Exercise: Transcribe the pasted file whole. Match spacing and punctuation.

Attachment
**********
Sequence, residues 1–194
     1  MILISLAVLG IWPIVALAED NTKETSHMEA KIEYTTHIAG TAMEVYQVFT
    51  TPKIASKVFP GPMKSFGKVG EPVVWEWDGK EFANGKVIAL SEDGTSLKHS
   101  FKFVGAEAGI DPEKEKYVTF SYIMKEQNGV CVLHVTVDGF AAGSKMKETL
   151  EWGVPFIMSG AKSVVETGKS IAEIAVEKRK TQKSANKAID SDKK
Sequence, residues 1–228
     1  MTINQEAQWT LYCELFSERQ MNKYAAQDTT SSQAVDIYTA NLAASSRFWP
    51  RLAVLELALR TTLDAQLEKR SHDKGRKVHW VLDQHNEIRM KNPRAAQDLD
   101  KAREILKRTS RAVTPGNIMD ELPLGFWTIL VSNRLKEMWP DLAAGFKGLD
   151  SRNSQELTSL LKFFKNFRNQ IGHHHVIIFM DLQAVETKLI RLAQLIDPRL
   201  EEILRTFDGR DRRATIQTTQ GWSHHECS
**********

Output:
Sequence, residues 1–194
     1  MILISLAVLG IWPIVALAED NTKETSHMEA KIEYTTHIAG TAMEVYQVFT
    51  TPKIASKVFP GPMKSFGKVG EPVVWEWDGK EFANGKVIAL SEDGTSLKHS
   101  FKFVGAEAGI DPEKEKYVTF SYIMKEQNGV CVLHVTVDGF AAGSKMKETL
   151  EWGVPFIMSG AKSVVETGKS IAEIAVEKRK TQKSANKAID SDKK
Sequence, residues 1–228
     1  MTINQEAQWT LYCELFSERQ MNKYAAQDTT SSQAVDIYTA NLAASSRFWP
    51  RLAVLELALR TTLDAQLEKR SHDKGRKVHW VLDQHNEIRM KNPRAAQDLD
   101  KAREILKRTS RAVTPGNIMD ELPLGFWTIL VSNRLKEMWP DLAAGFKGLD
   151  SRNSQELTSL LKFFKNFRNQ IGHHHVIIFM DLQAVETKLI RLAQLIDPRL
   201  EEILRTFDGR DRRATIQTTQ GWSHHECS